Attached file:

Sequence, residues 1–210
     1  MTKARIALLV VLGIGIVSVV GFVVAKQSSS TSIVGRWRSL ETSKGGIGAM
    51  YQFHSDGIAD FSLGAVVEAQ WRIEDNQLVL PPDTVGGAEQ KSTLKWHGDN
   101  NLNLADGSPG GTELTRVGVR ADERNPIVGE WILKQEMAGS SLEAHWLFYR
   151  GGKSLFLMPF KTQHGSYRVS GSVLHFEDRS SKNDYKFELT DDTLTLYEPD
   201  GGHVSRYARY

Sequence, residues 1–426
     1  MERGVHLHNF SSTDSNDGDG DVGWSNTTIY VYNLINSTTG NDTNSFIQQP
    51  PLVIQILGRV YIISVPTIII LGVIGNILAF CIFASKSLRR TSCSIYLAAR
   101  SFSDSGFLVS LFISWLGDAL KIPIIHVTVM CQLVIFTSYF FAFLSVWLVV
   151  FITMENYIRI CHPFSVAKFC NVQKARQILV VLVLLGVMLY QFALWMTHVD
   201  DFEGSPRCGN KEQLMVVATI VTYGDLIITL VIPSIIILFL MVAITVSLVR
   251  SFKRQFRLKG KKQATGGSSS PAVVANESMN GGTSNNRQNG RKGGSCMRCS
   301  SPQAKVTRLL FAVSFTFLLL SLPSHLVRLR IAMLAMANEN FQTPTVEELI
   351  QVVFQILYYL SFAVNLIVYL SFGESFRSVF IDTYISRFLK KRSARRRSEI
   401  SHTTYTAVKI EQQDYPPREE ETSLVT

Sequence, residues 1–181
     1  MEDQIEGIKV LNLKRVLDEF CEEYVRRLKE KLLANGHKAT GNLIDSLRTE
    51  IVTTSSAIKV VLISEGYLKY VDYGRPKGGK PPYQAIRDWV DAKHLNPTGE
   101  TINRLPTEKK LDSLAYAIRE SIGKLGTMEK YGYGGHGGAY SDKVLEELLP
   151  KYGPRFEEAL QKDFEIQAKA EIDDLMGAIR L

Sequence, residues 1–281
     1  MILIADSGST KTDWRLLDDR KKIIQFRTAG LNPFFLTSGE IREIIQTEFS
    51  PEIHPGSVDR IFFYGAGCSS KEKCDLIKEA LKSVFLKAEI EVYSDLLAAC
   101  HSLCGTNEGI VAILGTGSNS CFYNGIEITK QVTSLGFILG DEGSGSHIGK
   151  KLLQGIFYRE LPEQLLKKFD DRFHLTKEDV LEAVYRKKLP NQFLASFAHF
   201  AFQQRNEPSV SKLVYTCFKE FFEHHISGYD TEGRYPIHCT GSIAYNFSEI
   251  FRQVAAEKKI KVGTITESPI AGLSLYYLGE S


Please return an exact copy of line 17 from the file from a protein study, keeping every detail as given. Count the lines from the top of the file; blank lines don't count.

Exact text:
Sequence, residues 1–181